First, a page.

Evangelicalism's emergence as a cultural force has, to an unprecedented degree, placed the concept of the battle between good and evil on the public agenda. Once concerns with evil entered the public imagination, evangelicals could no longer control how people chose to respond to the evil that many agreed existed. It was not only the responses that could not be controlled, however.
While evangelicals have long recognized the potential for evangelism in film, filmmakers have similarly seen the entertainment possibilities in the stories ofevangelicalism's dark side. Thus, while evangelicals and other conservative Christians may feel that stories and images of supernatural battles between good and evil in some sense belong to them, they cannot control how these stories will be used, and reconfigured, once they enter the realm of the media and particularly the entertainment media.
Stories of the end times may have been popularized recently with the rise of evangelicalism, but the ideas go back to the roots of Christianity. While conservative religion has employed the narratives of the end times in the context of updated images and story lines, the images most often used in popular cultural representations of the end times—notably, those of demons, hell, and the afterlife—date to medieval depictions such as that of Pieter Bruegel the Elder's painting, The Fall of the Rebel Angels (1562).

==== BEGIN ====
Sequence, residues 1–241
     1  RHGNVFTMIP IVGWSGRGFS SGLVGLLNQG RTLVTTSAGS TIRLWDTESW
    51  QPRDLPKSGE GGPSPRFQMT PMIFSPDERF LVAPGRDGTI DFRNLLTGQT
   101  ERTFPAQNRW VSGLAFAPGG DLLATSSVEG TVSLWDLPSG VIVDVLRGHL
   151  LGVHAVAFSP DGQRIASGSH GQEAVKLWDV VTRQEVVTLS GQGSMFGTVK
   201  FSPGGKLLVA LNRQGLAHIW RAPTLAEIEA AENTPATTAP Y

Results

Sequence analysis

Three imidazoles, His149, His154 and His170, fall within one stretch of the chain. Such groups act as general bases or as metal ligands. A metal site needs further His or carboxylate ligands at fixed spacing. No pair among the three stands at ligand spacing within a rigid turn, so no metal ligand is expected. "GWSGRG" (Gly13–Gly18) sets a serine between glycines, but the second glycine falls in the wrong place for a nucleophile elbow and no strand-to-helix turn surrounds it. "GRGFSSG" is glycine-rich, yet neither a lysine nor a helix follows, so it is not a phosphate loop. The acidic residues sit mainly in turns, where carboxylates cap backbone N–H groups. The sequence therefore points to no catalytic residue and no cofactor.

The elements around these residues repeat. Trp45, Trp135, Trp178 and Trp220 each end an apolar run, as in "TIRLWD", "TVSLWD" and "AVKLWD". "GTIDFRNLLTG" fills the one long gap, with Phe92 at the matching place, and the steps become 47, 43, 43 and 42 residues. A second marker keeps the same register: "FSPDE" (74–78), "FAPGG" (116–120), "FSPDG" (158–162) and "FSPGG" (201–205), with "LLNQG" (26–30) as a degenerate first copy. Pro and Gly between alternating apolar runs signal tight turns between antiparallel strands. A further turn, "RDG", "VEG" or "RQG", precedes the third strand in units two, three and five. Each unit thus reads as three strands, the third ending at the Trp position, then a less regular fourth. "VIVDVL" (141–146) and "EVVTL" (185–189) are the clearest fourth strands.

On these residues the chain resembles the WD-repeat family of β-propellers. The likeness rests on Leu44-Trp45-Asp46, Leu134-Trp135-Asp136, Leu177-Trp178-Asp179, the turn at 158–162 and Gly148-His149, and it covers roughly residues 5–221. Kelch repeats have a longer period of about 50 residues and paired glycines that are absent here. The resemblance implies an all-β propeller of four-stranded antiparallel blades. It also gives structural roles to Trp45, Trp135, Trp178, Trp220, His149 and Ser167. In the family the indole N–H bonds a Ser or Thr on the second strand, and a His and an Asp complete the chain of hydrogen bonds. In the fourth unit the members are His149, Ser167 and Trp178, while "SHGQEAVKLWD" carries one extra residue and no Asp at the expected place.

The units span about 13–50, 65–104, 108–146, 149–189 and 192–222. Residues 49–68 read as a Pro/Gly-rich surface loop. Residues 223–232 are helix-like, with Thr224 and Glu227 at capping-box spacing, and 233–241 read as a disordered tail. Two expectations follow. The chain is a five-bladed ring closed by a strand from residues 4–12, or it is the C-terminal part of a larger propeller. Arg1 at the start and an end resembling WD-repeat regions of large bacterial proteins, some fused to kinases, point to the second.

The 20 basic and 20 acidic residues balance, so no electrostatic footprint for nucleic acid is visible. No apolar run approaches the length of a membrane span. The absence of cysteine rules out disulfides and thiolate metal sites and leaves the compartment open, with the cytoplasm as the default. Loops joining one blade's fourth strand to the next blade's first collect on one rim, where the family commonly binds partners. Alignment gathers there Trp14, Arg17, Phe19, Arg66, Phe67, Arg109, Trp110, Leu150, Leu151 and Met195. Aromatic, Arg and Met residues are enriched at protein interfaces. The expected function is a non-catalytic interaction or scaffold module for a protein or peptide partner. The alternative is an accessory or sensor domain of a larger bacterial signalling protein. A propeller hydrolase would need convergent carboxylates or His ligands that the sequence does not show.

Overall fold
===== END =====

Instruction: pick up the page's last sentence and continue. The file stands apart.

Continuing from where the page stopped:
At that point in history, religious scholars were devoted to explanations of the supernatural realm that they believed was very much a reality. As scientific knowledge increased in the age of the Enlightenment, however, cosmological definitions fell out of favor in both formal theology and in religious artwork. The fictional depictions of demons ...1
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